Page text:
The New Mexico had the reputation of being a good shooting ship. She had won the gunnery trophy in the past but never the coveted efficiency pennant. The first year of my command all indications pointed to our winning it.
All but one of the practices that counted on the score were finished, and the New Mexico's score was so high it seemed impossible that on the one remaining practice to fire the ship could lose the pennant. The uncompleted practice was single ship battle practice fired in division formation. The day was misty. The great target was towed by a battleship, and even that great ship at the prescribed range could barely be seen. While on the firing course and about five minutes from the firing bearing of the target, I reported to the flag bridge that our range finders had been unable to obtain ranges. Admiral W. R. Shoemaker was the flag officer, and Captain Claude Bloch was his chief of staff.
The range we had decided to use was, as I remember it, 15,000 or more yards. Word then came back from the Admiral asking if we wanted to go to a shorter range. I replied, "No, but I want to get a range-finder range before opening fire," or words to that effect. It would have been to our disadvantage to shoot at a shorter range because greater weight was given by the rules for hits at the longer ranges.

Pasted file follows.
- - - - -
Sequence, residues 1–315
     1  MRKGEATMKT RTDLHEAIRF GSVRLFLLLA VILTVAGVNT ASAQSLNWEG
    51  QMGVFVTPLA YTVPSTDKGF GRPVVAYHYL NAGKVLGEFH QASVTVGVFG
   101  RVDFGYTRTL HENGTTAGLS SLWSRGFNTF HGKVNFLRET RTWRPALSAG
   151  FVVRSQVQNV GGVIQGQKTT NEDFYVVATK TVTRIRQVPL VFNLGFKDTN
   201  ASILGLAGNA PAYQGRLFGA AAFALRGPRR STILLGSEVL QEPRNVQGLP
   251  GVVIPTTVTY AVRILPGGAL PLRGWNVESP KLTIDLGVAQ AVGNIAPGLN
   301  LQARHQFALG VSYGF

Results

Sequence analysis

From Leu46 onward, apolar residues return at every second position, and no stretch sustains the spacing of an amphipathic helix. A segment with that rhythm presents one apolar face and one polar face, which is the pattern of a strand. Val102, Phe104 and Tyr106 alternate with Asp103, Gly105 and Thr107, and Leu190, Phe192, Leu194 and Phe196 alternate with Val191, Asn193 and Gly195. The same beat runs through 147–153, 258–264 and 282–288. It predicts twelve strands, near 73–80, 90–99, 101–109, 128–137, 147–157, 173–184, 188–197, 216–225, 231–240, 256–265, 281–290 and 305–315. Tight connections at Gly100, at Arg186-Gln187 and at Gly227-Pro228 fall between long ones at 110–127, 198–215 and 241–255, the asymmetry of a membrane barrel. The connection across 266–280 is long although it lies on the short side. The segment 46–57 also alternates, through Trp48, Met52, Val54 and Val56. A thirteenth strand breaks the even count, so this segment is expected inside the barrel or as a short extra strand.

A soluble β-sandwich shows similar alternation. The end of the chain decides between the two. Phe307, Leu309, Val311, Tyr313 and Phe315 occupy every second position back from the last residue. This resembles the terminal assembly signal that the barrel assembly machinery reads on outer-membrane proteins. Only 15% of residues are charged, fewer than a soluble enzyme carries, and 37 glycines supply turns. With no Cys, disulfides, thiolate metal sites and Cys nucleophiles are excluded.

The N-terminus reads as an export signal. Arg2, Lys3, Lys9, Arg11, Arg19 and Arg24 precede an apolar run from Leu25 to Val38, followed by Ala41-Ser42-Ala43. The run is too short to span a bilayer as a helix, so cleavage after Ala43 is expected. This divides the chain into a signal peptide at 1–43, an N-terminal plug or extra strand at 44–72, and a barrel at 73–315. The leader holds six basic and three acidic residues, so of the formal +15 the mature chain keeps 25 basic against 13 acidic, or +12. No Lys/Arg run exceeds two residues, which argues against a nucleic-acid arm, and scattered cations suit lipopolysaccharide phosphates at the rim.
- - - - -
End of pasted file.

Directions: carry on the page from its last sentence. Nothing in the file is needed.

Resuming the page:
I was then told by the voice from the flag bridge, which was that of Bloch, that the signal for commence firing had been hoisted. The gunnery officer, Lieutenant Commander E. J. Foy, looked at me. We were in the conning tower together. He knew p193 the business of gunnery thoroughly. "We have no ranges, and there has been no tracking," he said sadly. I could not believe that, after I had told the Chief of Staff through the speaking tube that our range finders had been unable to see the target distinctly enough to obtain a dependable range, they would deliberately ruin our chances for a score. I learned afterward that the Admiral's bridge had hauled down the signal after a member of the Admiral's staff in the top had reported that he could see both the battleship and the target perfectly. A casual observer in the top was considered more reliable than the entire range-finder organization of the ship.